By Dr Matthew Bennett, Department of Social Policy, Sociology and Criminology
School of Social Policy, University of Birmingham
“We’ve been clapping for carers throughout the pandemic. The profile of carers has risen. Yet a number of them are silently facing unthinkable hardships.”
Did you clap for our carers?
Despite their recently raised profile, our work demonstrates that without reform of adult social care, the need for unpaid care for someone who is elderly or who has an illness or disability will affect us all. Unpaid carers provide important support for others worth £132 billion a year – similar to the total cost of our NHS.
In March 2020, the UK Government imposed ‘lockdown’ measures, compounding the pressures faced by carers, as they balance their caring responsibilities alongside paid work and family commitments. This has occurred in a context of historically tight constraints on funding for adult social care services, exacerbated by the austerity policy adopted by the UK Government following the 2008 financial crisis.
Our current study looks at the impact of the COVID-19 crisis on carers’ use of foodbanks, experience of hunger, and at changes in their mental wellbeing. We used a large, representative longitudinal sample of the UK’s population from Understanding Society, incorporating their new April 2020 COVID-19 survey. We identified people who provide care outside their household for someone who is elderly, or has a long-term illness or disability, and compared them to people who did not provide unpaid care.
This is the first study of its kind. Its findings are distressing:
- Approximately 228,625 carers said someone in their household had gone hungry.
- Women who are carers were twice as likely as men who are carers to report this (4.35% and 2.45% respectively)
- Younger adult carers aged 17-30 were more likely to report hunger (12.24%).
- Approximately 106,450 carers (1.76%) said their household had used a foodbank in the past month.
- Foodbank use for women who are carers was twice as high as men who are carers.
- Younger adult carers aged 17-30 were more likely to use a foodbank (8%).
We looked at carers’ mental wellbeing in April 2020 and compared it with the same carers’ reported wellbeing in the 2017-19 wave of the survey. In April 2020, one month into lockdown, we found:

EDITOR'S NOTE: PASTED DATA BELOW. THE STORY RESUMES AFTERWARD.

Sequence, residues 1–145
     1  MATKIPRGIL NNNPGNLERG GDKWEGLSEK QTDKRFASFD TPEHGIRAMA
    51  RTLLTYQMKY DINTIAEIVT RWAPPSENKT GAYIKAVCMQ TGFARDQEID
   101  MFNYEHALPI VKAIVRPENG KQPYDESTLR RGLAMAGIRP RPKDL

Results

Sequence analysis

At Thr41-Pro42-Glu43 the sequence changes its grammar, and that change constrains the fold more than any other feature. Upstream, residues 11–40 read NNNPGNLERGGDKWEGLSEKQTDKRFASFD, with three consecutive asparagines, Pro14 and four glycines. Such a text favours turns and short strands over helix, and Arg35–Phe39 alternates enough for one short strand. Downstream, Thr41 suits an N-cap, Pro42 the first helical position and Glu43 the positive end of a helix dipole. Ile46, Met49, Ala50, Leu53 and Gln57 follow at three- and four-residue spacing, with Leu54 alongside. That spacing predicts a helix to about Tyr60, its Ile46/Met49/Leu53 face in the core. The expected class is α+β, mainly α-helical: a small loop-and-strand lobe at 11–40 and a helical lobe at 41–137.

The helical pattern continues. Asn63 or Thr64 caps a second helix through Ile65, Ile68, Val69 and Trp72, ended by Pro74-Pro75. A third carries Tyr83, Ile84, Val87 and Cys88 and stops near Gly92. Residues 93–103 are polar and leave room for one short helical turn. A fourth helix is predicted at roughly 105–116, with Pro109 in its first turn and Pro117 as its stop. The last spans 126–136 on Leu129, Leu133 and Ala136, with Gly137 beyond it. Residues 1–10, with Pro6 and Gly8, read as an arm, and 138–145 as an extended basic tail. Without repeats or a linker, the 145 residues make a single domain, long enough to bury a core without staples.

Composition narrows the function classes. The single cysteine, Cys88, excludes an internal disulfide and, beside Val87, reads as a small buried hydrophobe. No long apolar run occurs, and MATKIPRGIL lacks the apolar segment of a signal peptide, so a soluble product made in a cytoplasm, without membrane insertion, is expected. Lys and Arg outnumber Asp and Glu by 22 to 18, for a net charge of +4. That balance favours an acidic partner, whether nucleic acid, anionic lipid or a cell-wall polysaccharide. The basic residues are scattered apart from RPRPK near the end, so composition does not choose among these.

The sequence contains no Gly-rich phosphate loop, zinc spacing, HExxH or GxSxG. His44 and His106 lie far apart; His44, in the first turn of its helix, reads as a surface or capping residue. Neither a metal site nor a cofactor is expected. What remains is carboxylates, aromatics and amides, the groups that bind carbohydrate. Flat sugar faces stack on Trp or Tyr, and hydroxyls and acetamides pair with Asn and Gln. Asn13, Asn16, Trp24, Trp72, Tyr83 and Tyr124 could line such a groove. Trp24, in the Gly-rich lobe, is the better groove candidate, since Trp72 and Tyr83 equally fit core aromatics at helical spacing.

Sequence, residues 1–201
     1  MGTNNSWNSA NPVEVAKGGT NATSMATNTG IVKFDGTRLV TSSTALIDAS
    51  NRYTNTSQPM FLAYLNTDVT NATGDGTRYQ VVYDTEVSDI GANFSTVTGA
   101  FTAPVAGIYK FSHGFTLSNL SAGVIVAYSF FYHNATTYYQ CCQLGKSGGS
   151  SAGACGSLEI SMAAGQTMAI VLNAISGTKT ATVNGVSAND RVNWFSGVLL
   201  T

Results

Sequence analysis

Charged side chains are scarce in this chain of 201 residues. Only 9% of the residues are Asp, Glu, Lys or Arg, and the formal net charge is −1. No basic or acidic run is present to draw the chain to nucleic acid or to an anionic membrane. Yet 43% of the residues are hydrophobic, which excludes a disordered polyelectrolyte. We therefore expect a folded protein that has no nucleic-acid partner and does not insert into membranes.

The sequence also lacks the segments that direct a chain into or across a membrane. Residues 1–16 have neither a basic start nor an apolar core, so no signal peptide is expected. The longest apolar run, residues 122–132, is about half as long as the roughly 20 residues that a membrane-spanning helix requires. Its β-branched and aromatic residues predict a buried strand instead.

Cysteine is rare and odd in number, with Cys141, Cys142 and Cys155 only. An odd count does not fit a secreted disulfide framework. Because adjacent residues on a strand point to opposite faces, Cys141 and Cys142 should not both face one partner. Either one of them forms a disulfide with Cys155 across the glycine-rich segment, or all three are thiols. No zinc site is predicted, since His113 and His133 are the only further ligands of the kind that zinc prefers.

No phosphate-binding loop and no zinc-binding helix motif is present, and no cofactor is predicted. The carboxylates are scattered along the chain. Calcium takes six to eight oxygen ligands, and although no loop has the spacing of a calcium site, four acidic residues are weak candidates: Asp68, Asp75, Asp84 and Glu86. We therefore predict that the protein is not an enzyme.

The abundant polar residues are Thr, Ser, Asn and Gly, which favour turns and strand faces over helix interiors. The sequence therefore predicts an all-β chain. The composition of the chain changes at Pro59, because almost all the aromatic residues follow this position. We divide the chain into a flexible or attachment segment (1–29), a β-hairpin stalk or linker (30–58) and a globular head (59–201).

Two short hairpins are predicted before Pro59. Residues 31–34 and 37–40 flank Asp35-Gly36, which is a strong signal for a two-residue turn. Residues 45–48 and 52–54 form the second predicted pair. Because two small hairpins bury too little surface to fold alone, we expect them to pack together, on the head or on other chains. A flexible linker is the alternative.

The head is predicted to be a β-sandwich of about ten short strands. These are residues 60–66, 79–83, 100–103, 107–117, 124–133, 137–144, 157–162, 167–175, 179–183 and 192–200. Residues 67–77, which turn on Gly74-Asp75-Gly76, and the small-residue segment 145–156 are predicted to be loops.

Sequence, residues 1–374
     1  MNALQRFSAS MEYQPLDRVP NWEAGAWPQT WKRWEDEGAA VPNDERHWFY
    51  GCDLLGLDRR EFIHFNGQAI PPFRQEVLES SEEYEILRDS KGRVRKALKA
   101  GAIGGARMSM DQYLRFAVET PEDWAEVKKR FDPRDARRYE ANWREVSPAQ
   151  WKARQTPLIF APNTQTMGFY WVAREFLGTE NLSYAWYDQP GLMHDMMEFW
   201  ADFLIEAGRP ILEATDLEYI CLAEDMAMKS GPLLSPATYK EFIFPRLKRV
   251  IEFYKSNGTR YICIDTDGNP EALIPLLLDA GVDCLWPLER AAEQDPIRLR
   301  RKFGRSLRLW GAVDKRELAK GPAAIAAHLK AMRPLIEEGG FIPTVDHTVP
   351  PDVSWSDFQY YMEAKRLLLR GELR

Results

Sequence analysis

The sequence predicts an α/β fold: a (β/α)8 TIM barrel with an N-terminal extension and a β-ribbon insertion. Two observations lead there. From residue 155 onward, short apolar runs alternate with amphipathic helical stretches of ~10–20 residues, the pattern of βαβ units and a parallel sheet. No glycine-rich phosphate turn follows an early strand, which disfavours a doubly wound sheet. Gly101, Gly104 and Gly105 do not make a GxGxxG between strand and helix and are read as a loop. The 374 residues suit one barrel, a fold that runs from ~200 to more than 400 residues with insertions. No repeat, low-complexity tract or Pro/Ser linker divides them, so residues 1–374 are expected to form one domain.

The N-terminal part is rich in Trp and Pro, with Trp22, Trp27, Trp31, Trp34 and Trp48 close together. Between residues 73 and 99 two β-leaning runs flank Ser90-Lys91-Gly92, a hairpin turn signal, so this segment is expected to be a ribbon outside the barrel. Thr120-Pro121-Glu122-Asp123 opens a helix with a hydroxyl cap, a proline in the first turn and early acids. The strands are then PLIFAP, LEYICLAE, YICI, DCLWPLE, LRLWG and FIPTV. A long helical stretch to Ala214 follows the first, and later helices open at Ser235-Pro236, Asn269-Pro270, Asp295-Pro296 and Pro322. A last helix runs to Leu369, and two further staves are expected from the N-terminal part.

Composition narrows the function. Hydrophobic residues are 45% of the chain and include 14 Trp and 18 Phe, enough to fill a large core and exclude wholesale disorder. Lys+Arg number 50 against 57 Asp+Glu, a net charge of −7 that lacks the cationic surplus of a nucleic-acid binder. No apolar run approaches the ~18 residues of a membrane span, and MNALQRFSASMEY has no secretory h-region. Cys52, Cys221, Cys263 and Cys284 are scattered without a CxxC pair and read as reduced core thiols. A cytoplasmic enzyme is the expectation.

- Carers’ mental wellbeing was lower than that of non-carers in April 2020 and before the pandemic.
- Mental wellbeing was 20.5% poorer among women who are carers than men who are carers.
- Mental wellbeing was lower for working age carers, especially those aged 17-45.
Between 2017-19 and April 2020, during the COVID-19 pandemic:
- Women who are carers experienced a 12.3% decline in their mental wellbeing.
- The mental wellbeing of older carers also declined
- Mental wellbeing declined for carers in employment and those without a paid job.
We should all be worried.
Our report shows that carers are under more pressure than ever as they support loved ones, and some of the most vulnerable in our society, with their daily activities. Unpaid carers are often juggling their caring alongside paid work and while navigating the challenging experiences of furloughing, redundancy and social isolation to which vast swathes of us find ourselves subjected during lockdown.
We’ve been clapping for carers throughout the pandemic. The profile of carers has risen. Yet a number of them are silently facing unthinkable hardships.
It is my hope that our work will continue to increase awareness of unpaid carers’ circumstances and that it leads to improvements in the support that they and their families need.
- Dr Matthew R. Bennett is Senior Lecturer in Social Policy in the Department of Social Policy, Sociology and Criminology at the University of Birmingham, and leads the Modelling Care System Costs and Contributions team within the Sustainable Care Programme
- The research was conducted with the support of the Economic and Social Research Council (award reference ES/P009255/1, 2017-21, Principal Investigator Sue Yeandle, University of Sheffield).
- Sustainable Care is a collaborative research programme, bringing together academics from eight universities and Carers UK, and works with an extended network of national and international policy, practice and academic partners
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